• 64 anv // Apr 28, 2009 at 7:11 am

    Ok, Nintendo can create any excuse for incressing the repairing cost up to 210 €.

    Now we need to get installed bootmii as soon as possible. Then, if the wii is so broken that does not boot, They will not be able to check if there is homebrew channel or not. And if it can boot, we can use bootmii to remove the homebrew channel and put bootmii in some “silent” mode.

    In the other side of this… for people that uses software modifications for running pirated games, even 210€ are a low cost in exchange for the benefits (the price of 4 games).

    I think that Nintendo is only generating viral advertising with this. The money is not the problem. Replacing some hacked wiis with “unhackeable ones” is not usefull for them: the viral advertising of “do not install homebrew or you will have to pay 210€ no matter what problem you have with your wii” is the important message.

    But they are forgetting that the games are so expensive that if you are planning to buy more than 4 games, it is cheaper to place a modchip or install some “softchip” on it. Even more: the message of Nintendo can be traduced as modchips are better than soft mods, because many of them can be removed before sending the console for repairing and they are transparent and compatible with any game and soft mods are not.

  • 65 nicklesminer // May 1, 2009 at 10:16 pm

    I can also confirm that as of the moment, Nintendo of America is not charging extra for having homebrew installed, nor are they voiding the warranty because of it.
    I sent my wii into the Syracuse repair center on the 24th of April and will receive it back on Monday, May 4th (or so says UPS). I sent it in because of some graphical display issues (flickering and blotches of color making the image hard to see while playing the wii), I’ll leave an update after I get my wii back. But I have not received any charge or notification that they weren’t fixing it, so I’m assuming that they have.

  • 66 sion_zaphod // May 4, 2009 at 5:15 am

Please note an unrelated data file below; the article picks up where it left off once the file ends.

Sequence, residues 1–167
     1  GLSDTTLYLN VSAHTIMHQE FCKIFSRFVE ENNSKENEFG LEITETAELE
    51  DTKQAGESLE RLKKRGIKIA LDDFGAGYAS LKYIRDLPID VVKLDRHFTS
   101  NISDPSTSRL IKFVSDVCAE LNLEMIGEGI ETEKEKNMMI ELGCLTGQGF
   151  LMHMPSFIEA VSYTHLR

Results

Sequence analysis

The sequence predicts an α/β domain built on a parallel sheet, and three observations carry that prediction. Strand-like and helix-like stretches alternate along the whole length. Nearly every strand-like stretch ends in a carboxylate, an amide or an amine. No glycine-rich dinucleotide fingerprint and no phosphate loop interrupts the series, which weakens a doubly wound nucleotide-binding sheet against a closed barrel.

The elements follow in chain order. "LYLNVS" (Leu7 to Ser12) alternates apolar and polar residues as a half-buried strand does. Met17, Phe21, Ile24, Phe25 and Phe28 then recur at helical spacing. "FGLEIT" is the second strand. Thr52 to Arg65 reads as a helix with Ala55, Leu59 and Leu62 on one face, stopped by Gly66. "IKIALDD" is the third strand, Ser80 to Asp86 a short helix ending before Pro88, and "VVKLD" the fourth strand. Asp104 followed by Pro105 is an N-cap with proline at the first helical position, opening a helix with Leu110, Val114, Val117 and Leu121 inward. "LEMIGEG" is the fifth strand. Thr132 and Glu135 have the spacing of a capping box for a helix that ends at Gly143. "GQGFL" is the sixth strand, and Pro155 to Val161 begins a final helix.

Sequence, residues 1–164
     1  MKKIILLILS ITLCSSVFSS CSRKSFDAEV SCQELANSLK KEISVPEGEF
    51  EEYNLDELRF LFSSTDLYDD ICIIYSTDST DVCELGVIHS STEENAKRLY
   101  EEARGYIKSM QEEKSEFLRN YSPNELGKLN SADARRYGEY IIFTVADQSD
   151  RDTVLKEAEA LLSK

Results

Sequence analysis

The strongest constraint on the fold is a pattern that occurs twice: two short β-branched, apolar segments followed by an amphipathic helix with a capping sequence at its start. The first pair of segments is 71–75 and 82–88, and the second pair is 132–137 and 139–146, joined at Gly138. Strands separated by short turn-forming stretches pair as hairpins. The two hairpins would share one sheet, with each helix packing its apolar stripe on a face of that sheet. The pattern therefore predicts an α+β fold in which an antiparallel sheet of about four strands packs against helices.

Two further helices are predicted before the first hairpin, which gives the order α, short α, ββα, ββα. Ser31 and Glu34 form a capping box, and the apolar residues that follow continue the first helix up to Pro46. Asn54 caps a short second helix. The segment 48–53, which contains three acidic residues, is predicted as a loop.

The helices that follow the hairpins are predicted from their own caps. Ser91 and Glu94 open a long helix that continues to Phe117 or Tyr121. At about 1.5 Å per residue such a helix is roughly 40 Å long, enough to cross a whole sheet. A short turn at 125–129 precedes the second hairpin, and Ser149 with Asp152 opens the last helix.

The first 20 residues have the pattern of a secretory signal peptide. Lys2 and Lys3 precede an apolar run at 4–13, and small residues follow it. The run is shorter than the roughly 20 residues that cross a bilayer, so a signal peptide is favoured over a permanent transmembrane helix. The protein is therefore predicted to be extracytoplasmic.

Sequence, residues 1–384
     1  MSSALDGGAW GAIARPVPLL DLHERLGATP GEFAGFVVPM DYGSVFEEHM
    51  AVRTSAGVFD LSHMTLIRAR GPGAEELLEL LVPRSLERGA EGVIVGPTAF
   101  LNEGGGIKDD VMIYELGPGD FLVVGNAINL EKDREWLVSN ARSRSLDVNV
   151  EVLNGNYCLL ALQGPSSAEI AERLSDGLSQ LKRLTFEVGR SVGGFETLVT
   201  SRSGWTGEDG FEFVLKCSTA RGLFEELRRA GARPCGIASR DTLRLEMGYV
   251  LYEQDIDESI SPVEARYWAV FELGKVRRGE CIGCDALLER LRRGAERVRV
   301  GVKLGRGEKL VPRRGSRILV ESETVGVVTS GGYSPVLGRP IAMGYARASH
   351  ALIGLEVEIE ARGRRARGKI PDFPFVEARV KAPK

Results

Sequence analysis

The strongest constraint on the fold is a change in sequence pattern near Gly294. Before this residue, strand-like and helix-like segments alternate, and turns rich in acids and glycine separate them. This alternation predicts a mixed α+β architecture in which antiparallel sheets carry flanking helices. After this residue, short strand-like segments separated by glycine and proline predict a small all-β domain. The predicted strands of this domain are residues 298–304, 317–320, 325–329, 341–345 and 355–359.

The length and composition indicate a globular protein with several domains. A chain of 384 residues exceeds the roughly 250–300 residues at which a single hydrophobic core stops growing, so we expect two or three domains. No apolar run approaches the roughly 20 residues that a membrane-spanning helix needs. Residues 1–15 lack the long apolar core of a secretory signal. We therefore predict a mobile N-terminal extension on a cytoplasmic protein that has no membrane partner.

This is my first post here so please excuse the wording! I have just read all the comments posted in regards to this warranty issue and wanted to have my say. I think Nintendo are right with this course of action but I really do not think it will make a scrap of difference!

    First of all when we decide to mod a console either by hardware or software we know in our minds that this is slightly dodgy and could void the warranty. This is something we all should accept or not do the mod! Second, if something then goes wrong either because of the mod or not why should we expect Nintendo to repair the fault. For example if I bought a new PC from say compaq or dell or some other company and the computer came bundled with the latest windows release. But then I decided to setup a dual boot Linux system and it buggered up the computer. I would never send the machine back to the company to be repaired. I would accept that it was my fault in the first place and therefore my responsibility to fix it!

    Now here is where I’m going with this thread. I think that if we brick our Wii through mods or homebrew use. We should’nt then go crying to Nintendo expecting them to repair it and then cying even more about what they charge for the repairs. Or trying to disguise what mods we had installed before sending it off for repair. We modded a perfectly decent console for the purpose of playing homebrew or illegal backups or both. This is the price we pay for trying to be clever!